Spring Hill Wards

Spring Hill is divided into four separate wards, with two aldermen representing each ward.

I am writing in regard to the article published “Questions arise after Spring Hill alderman discovered to have been temporarily residing outside of ward," which covers an issue of residency of Spring Hill Alderman Hazel Nieves.

At the Spring Hill Board of Mayor and Aldermen meeting on Sept. 21, the question was raised whether Alderman Nieves, who has been temporarily staying with family outside of her ward while her new home located in that ward is being built, had vacated her seat on the board. I would submit that the answer to that question is clearly no.

State Law is clear that residency, for purposes of elections, is established where "The person has a definite intention to return," that "There must be appropriate action consistent with the intention," and "A person does not lose residence if, with the definite intention of returning, the person leaves home and goes to another country, state or place within this state for temporary purposes, even if of one or more years duration." (T.C.A. § 2-2-122).

Spring Hill elections are unlike any other under the Board of Mayor and Alderman Public Charter of the State of Tennessee. Why? Because unlike every other city that adopted that Charter prior to 1991 (as Spring Hill did in 1987), every citizen in Spring Hill has a right to vote for a candidate in each of the City's four wards. In Spring Hill, citizens elect a candidate from each ward, regardless of where you live. In all other cities under that Charter, aldermen are elected by residents that live in the Ward the candidates reside in.

Aldermen in Spring Hill know they are accountable to all citizens of Spring Hill. That’s why, when a new fire station, park or civic project comes about, you have never heard the comment from Spring Hill’s Board that “This project needs to be placed in my Ward," as is often the case in cities where council seats are elected strictly by district boundary.

But, don't take just my word for it. The U.S. Supreme Court, in deciding the constitutionality of an election system similar to Spring Hill's, where a Board's position is elected by voters outside of the district the candidate resides in, opined "The statute uses districts... merely as the basis of residence for candidates, not for voting or representation. Each district’s senator... must be vigilant to serve the interests of all the people in the county, and not merely those of people in his home district; thus in fact he is the county’s and not merely the district’s senator." (Fortson v. Dorsey 379 U.S. 433, 1965)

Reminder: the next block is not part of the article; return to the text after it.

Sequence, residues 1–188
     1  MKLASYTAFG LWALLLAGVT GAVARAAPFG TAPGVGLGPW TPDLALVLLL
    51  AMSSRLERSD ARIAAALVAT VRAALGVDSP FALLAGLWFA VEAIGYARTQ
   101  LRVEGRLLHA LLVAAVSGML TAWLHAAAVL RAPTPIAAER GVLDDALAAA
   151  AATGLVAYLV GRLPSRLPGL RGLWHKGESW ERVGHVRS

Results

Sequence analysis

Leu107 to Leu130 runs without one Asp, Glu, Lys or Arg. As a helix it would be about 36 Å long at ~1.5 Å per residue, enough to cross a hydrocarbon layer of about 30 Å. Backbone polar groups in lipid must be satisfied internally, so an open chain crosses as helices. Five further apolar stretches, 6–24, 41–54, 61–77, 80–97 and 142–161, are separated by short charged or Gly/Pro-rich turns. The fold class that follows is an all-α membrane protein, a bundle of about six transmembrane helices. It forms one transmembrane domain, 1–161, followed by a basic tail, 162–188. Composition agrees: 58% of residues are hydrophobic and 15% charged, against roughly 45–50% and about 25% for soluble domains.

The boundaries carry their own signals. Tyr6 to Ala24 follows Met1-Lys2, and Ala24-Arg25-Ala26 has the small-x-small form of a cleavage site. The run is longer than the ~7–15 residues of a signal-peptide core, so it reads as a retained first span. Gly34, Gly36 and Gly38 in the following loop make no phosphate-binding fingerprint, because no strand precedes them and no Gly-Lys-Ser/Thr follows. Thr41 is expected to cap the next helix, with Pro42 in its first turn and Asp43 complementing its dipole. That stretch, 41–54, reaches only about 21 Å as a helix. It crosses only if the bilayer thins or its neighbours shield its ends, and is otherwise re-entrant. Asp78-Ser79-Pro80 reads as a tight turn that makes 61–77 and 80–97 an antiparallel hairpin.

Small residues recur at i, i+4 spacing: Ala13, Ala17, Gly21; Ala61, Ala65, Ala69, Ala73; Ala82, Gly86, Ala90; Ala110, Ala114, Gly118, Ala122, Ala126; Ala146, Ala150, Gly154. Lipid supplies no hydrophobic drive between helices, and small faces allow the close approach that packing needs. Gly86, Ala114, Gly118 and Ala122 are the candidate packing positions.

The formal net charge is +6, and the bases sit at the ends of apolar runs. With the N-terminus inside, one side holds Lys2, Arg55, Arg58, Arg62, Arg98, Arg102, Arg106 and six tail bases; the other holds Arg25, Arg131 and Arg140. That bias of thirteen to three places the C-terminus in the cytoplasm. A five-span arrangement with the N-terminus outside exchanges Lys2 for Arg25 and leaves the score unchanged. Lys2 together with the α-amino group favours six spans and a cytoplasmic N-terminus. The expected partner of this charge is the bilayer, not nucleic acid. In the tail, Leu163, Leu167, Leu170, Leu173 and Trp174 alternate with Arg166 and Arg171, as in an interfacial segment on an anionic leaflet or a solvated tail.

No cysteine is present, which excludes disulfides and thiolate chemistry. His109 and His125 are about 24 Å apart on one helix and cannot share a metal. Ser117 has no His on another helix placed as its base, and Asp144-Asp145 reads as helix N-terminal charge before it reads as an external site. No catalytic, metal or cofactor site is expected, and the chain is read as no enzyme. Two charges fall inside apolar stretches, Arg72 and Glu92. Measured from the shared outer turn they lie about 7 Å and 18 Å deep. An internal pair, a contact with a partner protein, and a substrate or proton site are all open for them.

In Spring Hill, once a candidate is elected, they become the city's aldermen, not merely the ward's alderman.

Some may ask why I have chosen to voice my opinion on this issue. My reason is simple. In June of 2006, over a year after I had been elected alderman in Spring Hill, I, along with three other aldermen, were subjected to a lawsuit that sought to end our terms and force us to run in a new election. Some in the city did not like the fact that we were asking questions, challenging the status quo, and pushing the city toward reforms that were desperately needed.

Having worked so hard to be entrusted with a position of service such as this, then to have it placed in the hands of the court, I know the personal toll a case like this places on an individual.

In Spring Hill's Nieves, I see an alderman who is asking questions, challenging the status quo, and pushing the city toward reforms she believe are needed. I see an Alderman, my Alderman (even though I reside in Ward 2), dutifully representing all citizens of Spring Hill that elected her to that position.

I ask the Board of Mayor and Aldermen to oppose any action that would cause the position of Alderman held by Alderman Nieves to be vacated.

I urge citizens to contact the Board to make their voices heard on this matter. You can email the board at [email protected].

Your voice does make a difference.

Jonathan Duda

Spring Hill Resident, Ward 2

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